‘Large mosquito outbreak’ expected in Irma’s wake
Lee County Mosquito Control District is predicting a large mosquito outbreak as a result of Hurricane Irma’s heavy rains and flooding.
“Coastal and inland areas have expansive areas of standing water, which will produce large numbers of mosquitoes,” officials said in a statement released Monday.
Treatments to control adult mosquitoes will begin Sept. 18 between the hours of 9 p.m. and 2 a.m. Areas with the highest numbers of adult mosquitoes and that are without power will be treated first.
Residents may encounter adult mosquitoes for several days before experiencing relief from LCMCD control efforts, officials said.
Many areas still have debris and flooding preventing ground control of adult mosquitoes. LCMCD suggests individuals consider using repellent to protect themselves from mosquitoes.
According to the Florida Department of Agriculture and Consumer Services Division of Animal Industries, preventing animals from exposure to adult mosquitoes is important. Horses should be stabled inside during peak mosquito feeding times, which are dawn and dusk. Use of mosquito-resistant devices such as well-maintained insect screening and fans may reduce potential access of mosquitoes to equine and other livestock hosts. Horse owners should use repellents approved for use on horses, but the effectiveness of some formulations under certain conditions (e.g., rain, perspiration) may be limited. Always follow label instructions. Residents are encouraged to contact their veterinarian for advice on mosquito protection measures for pets and livestock, especially for heartworm disease. To report mosquito concerns please call 239-694-2174.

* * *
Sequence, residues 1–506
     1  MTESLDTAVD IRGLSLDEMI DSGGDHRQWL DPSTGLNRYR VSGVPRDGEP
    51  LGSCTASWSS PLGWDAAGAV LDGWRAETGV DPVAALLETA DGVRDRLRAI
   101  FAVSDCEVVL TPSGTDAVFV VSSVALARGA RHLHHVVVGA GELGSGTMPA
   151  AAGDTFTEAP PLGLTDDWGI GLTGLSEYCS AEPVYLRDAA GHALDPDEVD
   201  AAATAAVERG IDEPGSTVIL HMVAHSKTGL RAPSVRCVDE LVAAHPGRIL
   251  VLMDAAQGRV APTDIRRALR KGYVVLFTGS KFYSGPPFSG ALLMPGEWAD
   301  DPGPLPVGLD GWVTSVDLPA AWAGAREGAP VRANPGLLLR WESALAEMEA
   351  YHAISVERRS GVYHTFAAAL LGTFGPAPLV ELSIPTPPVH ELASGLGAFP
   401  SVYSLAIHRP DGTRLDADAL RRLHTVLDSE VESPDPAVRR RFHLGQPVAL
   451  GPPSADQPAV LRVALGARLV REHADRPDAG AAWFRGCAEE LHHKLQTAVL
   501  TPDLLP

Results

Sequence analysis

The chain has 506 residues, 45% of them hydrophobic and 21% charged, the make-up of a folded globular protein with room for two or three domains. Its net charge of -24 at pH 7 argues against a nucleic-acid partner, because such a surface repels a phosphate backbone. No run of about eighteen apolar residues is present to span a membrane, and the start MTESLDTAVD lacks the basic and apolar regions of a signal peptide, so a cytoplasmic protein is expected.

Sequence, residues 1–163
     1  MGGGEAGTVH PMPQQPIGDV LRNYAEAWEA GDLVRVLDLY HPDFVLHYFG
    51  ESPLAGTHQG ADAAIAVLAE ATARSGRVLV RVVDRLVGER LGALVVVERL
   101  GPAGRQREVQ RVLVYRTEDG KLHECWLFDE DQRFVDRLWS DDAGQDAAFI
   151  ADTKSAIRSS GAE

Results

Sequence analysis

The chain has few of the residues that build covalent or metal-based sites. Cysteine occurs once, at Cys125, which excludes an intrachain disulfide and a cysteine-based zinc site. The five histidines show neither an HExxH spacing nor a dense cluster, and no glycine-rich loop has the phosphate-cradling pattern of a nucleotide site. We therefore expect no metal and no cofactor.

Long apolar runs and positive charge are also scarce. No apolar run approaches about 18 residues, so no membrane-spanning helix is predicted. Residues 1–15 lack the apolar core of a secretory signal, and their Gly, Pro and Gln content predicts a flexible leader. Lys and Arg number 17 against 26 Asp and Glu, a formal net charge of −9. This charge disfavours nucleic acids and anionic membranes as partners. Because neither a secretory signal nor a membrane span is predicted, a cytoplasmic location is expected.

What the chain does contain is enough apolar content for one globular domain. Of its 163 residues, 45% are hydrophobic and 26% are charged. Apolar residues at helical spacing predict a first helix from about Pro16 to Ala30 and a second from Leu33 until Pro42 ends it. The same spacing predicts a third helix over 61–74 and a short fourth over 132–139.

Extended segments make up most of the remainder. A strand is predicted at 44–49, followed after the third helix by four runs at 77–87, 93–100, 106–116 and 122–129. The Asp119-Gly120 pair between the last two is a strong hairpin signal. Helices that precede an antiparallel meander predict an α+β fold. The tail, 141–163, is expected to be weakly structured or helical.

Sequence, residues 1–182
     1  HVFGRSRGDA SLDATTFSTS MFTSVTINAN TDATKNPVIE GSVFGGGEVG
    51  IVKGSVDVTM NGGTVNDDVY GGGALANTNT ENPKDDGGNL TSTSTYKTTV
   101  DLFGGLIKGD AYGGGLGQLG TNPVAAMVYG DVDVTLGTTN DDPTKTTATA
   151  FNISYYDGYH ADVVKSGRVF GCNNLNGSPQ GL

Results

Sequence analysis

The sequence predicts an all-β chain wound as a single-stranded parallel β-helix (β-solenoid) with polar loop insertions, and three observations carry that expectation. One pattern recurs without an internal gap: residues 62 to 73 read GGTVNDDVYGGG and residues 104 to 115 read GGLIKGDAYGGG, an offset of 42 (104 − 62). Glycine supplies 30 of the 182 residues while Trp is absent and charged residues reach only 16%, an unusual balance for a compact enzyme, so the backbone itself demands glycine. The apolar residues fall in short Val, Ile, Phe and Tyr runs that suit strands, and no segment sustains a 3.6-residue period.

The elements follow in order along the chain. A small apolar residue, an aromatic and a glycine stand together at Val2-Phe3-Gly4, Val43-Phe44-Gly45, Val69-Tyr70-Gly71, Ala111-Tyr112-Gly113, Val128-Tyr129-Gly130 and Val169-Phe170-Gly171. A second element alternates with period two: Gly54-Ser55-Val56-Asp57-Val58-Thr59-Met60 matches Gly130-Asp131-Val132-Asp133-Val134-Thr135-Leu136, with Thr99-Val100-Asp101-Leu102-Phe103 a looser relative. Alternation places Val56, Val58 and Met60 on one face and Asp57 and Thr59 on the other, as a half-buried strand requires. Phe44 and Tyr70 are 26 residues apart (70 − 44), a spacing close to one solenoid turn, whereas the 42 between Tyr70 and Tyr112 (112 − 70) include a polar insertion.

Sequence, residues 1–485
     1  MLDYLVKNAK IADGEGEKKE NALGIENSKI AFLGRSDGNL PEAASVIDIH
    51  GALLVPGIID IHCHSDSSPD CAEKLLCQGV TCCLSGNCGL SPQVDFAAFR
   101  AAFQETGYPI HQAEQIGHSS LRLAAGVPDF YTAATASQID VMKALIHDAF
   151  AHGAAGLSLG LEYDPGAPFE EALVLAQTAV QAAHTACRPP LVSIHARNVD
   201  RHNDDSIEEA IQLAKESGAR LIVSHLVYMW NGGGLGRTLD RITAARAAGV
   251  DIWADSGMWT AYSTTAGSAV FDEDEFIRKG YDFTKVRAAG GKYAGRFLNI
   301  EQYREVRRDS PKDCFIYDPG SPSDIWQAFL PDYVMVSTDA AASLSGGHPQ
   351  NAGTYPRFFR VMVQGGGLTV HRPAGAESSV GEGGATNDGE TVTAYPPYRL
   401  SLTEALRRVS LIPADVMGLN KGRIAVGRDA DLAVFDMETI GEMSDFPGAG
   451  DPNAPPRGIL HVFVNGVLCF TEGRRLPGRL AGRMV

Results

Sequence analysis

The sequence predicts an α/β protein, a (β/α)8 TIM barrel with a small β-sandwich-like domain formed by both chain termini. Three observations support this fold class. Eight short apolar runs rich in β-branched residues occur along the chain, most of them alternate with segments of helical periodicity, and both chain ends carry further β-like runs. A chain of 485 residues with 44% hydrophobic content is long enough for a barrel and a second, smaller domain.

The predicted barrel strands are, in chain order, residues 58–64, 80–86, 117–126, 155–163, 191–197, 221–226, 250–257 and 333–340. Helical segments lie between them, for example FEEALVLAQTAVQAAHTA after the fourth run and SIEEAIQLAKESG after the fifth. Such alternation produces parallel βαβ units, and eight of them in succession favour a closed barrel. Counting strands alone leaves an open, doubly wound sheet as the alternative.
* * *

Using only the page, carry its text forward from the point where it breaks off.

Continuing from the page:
To reduce the risk of being bitten by mosquitoes, the Department of Health recommends that individuals remain diligent in their personal prevention efforts. These should include the following for prevention:
- Apply repellent. Using mosquito repellent is one of the most important ways to protect yourself from mosquitoes.
- Wear light colored clothing that covers most of your skin.
- Ensure or restore all window and door screens are secure and functional.
- Check around your home to rid the area of standing water, which is where mosquitoes can lay their eggs. Areas to check: clear rain gutters so that water can drain, keep pools chlorinated, flush or treat bromeliad plants, change water in birdbaths once a week, remove obstructions to water flow in drainage ditches, and remove, cover, invert or dump containers that hold water.
Centers for Disease Control and Prevention Tips on Repellent Use:
- Always read label directions carefully for the approved usage before you apply a repellent. Some repellents are not suitable for children.
- Products with concentrations of up to 30 percent DEET are generally recommended. Other effective mosquito repellents contain Picaridin or oil of lemon eucalyptus. Look for active ingredients listed on the product label.
- Apply insect repellent to exposed skin, or onto clothing, but not under clothing.
- In protecting children, read label instructions to be sure the repellent is age-appropriate. According to the CDC, mosquito repellents containing oil of lemon eucalyptus should not be used on children under the age of 3 years. DEET is not recommended on children younger than two months old.
- Infants should be kept indoors, or mosquito netting should be used over carriers when mosquitoes are present.
- Avoid applying repellents to the hands of children. Adults should apply repellent first to their own hands and then transfer it to the child’s skin and clothing.